On the Basis of Art: 150 Years of Women at Yale
Yale University Art Gallery celebrates the work of Yale-educated women artists in a new exhibition from September 2021 through January 2022
On the Basis of Art: 150 Years of Women at Yale celebrates the vital contributions of generations of Yale-trained women artists to the national and international art scene. Through an exploration of their work, the exhibition charts the history of women at the Yale School of Art (formerly Yale School of the Fine Arts) and traces the ways in which they challenged boundaries of time and circumstance and forged avenues of opportunity— attaining gallery and museum representation, developing relationships with dedicated collectors, and securing professorships and teaching posts in a male-dominated art world. On view at the Yale University Art Gallery from September 10, 2021, through January 9, 2022, the exhibition commemorates two recent milestones: the 50th anniversary of coeducation at Yale College and the 150th anniversary of Yale University’s admittance of its first female students who, flaunting historical precedent, were welcomed to study at the School of the Fine Arts upon its opening in 1869.
On the Basis of Art showcases more than 75 artists working in a broad range of media, including painting, sculpture, drawing, print, photography, textile, and video. Objects are drawn exclusively from the Gallery’s collection and span more than 15 decades as well as a wide range of stylistic approaches—from realism to abstraction to figuration—revealing how these modern and contemporary women artists have brought their life experiences and individual styles to their careers.
“We are thrilled to join the University in celebrating and commemorating the contributions and accomplishments of women at Yale,” says Stephanie Wiles, the Henry J. Heinz II Director of the Gallery. “It’s an honor to present this exhibition and the accompanying catalogue, which together offer deep insight about women artist-graduates of Yale. These women brought an unwavering determination, bold experimentation, and a spirit of risk-taking to their practice, qualities that were critical to their success in the international art world.”
Exhibition Overview On the Basis of Art is curated by Elisabeth Hodermarsky, the Sutphin Family Curator of Prints and Drawings, with the assistance of Judy Ditner, the Richard Benson Associate Curator of Photography and Digital Media; John Stuart Gordon, the Benjamin Attmore Hewitt Curator of American Decorative Arts; Keely Orgeman, the Seymour H. Knox, Jr., Associate Curator of Modern and Contemporary Art; Sydney Skelton Simon, the Bradley Assistant Curator of Academic Affairs; and Molleen Theodore, Associate Curator of Programs. “It is inspiring to highlight the extraordinary and varied work of these talented female-identifying artists,” shares Hodermarsky. “Although this diverse group of artists spans multiple generations, there are cross-connections in their work that engage history, feminist movements, and legacies of influence. The exhibition is the first of its kind, telling the history of the visual arts at Yale from a female perspective.” Accordingly, the exhibition is organized into six thematic sections that mix time periods and media, allowing visitors to observe these dialogues across generations.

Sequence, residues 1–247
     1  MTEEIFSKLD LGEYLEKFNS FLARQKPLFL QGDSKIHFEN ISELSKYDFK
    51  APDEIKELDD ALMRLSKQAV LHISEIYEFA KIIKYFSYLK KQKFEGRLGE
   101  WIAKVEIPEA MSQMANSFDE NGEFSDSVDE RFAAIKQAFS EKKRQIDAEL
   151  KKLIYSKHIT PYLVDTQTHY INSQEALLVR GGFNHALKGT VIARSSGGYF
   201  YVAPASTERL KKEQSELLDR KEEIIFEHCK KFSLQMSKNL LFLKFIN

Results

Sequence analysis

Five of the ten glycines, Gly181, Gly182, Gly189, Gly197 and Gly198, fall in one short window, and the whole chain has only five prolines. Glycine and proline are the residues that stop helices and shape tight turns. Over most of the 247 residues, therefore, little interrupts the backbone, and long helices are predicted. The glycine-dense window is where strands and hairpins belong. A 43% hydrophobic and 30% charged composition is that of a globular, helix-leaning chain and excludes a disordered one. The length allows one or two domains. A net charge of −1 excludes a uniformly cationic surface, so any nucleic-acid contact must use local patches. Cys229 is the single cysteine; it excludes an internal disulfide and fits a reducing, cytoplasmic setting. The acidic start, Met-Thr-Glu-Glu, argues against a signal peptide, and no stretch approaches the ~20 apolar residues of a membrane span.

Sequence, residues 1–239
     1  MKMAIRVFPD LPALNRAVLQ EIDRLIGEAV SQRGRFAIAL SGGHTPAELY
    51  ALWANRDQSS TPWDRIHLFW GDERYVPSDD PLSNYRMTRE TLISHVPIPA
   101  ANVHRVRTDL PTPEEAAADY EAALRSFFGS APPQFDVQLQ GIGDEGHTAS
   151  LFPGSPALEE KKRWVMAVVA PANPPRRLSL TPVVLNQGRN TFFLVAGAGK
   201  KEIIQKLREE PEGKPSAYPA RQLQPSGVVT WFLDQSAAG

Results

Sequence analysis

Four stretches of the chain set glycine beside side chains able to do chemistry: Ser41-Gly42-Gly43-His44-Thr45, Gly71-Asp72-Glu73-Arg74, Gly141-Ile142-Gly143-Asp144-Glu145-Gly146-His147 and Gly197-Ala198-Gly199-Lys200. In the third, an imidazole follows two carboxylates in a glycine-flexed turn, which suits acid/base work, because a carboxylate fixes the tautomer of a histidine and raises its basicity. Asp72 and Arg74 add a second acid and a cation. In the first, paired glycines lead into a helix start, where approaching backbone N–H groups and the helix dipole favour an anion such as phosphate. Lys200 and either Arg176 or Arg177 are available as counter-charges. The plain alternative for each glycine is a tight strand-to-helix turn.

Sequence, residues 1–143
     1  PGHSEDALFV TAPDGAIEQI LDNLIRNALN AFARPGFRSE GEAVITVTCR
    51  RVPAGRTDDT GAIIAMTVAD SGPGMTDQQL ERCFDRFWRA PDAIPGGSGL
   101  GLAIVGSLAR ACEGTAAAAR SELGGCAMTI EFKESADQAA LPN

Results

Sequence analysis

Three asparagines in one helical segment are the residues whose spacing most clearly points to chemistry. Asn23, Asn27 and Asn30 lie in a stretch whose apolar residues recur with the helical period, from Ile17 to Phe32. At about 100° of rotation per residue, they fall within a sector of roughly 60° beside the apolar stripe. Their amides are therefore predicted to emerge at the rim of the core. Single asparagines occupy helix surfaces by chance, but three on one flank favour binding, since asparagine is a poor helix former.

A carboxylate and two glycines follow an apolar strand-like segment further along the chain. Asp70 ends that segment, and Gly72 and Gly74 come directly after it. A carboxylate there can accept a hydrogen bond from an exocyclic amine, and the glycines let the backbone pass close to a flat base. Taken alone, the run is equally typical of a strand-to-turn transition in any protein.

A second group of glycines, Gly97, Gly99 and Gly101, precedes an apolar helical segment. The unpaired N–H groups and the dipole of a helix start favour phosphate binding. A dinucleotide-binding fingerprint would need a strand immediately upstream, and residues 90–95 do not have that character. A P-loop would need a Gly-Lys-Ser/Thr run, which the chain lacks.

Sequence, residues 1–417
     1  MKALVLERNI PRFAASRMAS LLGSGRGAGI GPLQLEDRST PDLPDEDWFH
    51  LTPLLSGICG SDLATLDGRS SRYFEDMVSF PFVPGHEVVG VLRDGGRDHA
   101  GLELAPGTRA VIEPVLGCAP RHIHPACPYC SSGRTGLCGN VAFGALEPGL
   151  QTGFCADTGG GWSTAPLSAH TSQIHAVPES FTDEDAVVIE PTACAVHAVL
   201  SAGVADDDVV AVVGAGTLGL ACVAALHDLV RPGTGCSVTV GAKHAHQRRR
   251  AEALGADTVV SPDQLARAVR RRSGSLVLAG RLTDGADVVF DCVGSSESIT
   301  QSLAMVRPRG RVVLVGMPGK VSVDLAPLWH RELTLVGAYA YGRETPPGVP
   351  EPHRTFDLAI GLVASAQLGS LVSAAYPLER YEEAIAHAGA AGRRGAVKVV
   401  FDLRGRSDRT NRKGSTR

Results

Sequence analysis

The first section, Carving a Presence, demonstrates the persistence of the genre of portraiture and includes works by Irene Weir (B.A. 1906), Audrey Flack (B.F.A. 1952), and Njideka Akunyili Crosby (M.F.A. 2011). Sculpting Space and Place features two- and three-dimensional objects by Eva Hesse (B.F.A. 1959), Sylvia Plimack Mangold (B.F.A. 1961), Howardena Pindell (M.F.A. 1967), and others whose oeuvres consider space, perception, surface, and depth. Threading Myth, Legend, and Ritual highlights artists such as Rina Banerjee (M.F.A. 1995) and Natalie Frank (B.A. 2002), who engage tradition and storytelling in their practice. With works by artists like Lois Conner (M.F.A. 1981)and Victoria Sambunaris (M.F.A. 1999), Modeling Nature, Tracing the Human Footprint presents the different ways in which artists have depicted the natural world and have examined humankind’s relationship with nature—as both nurturer/steward and user/abuser. Drawing Identity reveals how artists, such as Wangechi Mutu (M.F.A. 2000), Mickalene Thomas (M.F.A. 2002), and Angela Strassheim (M.F.A. 2003), have challenged societal labels and offered thoughtful and powerful critiques of cultural systems. Finally, Casting History, Etching Memory explores how Maya Lin (B.A. 1981, M.ARCH. 1986), An-My Lê (M.F.A. 1993), Mary Reid Kelley (M.F.A. 2009), and others have memorialized or reflected on our past.
Related Publication A comprehensive catalogue accompanies the exhibition. It features an introduction by Elisabeth Hodermarsky and essays by Helen A. Cooper (PH.D. 1986), the Holcombe T. Green Curator Emeritus of American Paintings and Sculpture at the Gallery; Linda Konheim Kramer (B.F.A. 1963),former curator at the Brooklyn Museum and former Executive Director of the Nancy Graves Foundation; and Marta Kuzma, the Stavros Niarchos Foundation Dean of the Yale School of Art, the first woman to hold that role. It also includes catalogue entries on every artist in the exhibition and timelines that detail important milestones for women—at Yale, in the arts, and in the country.
304 pages/10 x 10 3/4 inches/185 color illustrations/Distributed by Yale University Press/Paper over board/ISBN 978-0-300-25424-2/Price $50; Members $40 For more detailed information, visit artgallery.yale.edu/publication/basis-art-150-years-women-yale.
Irene Weir (B.F.A. 1906), The Blacksmith, Chinon, France, ca. 1923. Watercolor on paper. Yale University Art Gallery, Gift of Irene Weir, B.F.A. 1906